Christmas is a magical time for a child, least it should be. Full of excitement and wonder. As a parent, it is magical to see their faces light up when they open their presents and not disappear for the rest of the day after all the games etc you play. For some children though, they do not get to spend their day with both parents.

In some cases, split families result in 2 Christmas Day’s for their children often with parents trying to better the other (that is a subject for another day though). In other cases, children do not get to see their other parent at all so I thought it may be good to put a blog post together about it.

As a Child, depending on age, they could be feeling a whole range of emotions. I personally remember going back to school after the Christmas break hearing all the things that the other kids did with Mum & Dad, all the presents and the great time they had. This used to make me feel as though I missed out. I have heard stories from many others saying the same thing. In later life, you realise though, it is not about the presents, it is about the memories, the interactions, the fun you had.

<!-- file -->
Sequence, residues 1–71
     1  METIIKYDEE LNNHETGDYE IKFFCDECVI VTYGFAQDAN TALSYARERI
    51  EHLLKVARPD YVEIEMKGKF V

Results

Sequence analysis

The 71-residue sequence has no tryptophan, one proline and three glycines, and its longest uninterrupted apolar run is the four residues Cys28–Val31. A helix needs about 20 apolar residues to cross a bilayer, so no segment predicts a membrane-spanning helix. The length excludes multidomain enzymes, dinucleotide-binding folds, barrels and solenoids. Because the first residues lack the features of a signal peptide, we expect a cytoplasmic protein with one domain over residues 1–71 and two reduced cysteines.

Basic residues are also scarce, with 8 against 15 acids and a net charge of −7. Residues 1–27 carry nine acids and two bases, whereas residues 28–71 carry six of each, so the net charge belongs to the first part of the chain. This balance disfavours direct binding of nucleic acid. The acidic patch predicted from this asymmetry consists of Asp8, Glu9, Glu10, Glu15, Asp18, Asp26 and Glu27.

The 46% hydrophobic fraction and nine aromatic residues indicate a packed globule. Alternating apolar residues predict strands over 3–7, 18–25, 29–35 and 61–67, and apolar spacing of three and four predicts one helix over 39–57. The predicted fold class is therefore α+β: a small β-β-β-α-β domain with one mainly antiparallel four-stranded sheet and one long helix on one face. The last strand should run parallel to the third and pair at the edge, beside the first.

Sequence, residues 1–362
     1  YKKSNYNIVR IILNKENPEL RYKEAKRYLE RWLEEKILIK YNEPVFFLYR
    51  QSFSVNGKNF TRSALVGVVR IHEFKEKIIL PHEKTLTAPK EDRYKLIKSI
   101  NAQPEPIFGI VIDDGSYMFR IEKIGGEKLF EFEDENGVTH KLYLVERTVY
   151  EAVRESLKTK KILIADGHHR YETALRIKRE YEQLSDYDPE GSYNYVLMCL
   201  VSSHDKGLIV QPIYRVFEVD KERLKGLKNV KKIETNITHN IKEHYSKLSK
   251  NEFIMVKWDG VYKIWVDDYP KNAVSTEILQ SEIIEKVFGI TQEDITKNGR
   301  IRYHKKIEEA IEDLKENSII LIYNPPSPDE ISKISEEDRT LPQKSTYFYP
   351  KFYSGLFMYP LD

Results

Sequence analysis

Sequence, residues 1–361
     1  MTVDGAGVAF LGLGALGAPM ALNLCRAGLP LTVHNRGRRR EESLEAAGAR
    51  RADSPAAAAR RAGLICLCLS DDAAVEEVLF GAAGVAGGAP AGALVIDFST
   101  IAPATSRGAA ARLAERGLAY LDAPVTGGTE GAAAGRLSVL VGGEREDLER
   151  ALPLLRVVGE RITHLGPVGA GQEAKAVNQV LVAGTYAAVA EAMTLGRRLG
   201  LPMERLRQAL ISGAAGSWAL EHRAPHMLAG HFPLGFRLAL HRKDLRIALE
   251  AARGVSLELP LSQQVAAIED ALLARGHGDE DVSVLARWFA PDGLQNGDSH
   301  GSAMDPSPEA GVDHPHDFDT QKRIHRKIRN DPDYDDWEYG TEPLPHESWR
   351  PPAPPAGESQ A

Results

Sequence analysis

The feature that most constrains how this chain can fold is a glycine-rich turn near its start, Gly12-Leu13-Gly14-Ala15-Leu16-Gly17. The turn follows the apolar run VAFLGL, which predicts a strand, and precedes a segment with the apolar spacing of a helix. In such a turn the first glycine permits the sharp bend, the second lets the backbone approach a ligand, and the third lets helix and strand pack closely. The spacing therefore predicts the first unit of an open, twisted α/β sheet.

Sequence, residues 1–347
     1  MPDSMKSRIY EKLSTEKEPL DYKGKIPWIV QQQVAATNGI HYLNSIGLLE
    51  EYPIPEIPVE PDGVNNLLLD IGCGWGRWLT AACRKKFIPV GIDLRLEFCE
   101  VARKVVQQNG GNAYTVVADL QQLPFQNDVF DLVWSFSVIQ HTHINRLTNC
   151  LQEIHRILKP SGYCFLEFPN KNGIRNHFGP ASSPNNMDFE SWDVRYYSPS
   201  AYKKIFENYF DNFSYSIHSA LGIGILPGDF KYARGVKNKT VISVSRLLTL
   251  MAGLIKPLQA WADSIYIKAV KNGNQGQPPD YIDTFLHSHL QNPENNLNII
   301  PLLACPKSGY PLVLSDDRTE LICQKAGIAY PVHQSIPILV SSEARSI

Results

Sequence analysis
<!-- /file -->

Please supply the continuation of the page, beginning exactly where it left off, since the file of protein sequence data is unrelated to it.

As a parent not able to see your child on Christmas Day, either, for example, being in the Military, an emergency service or just denied access over an ongoing dispute, it is hard. So what tips have I got to help make it easier?

  • If you can, call and talk to your child on Christmas Day. Tell them how much you love them and make them know how special they are to you. Even if you can not be there in person, they will know you still love them and are there in spirit.
  • Have Christmas early or late with the family. I recently heard of a family having Christmas in July due to a parent being on tour within the Army.
  • Organise a surprise for them, this does not have to be on Christmas Day itself but it could be something as simple as a card being posted through the door.
  • If you can not see them or contact them, put some money into an account in their name and write down a letter, for you to keep safe, of things you have done throughout the year. Even buy and wrap a present for them and store it. You can do this each year and when they want to find you, even in adult life, you can hand over the gifts and letters over to them to show you were thinking of them.
  • If you are finding it tough, talk to your friends and family. Allow them to support you.

There are loads of options you can do, these are just some options and we want to hear on any suggestions you may have.

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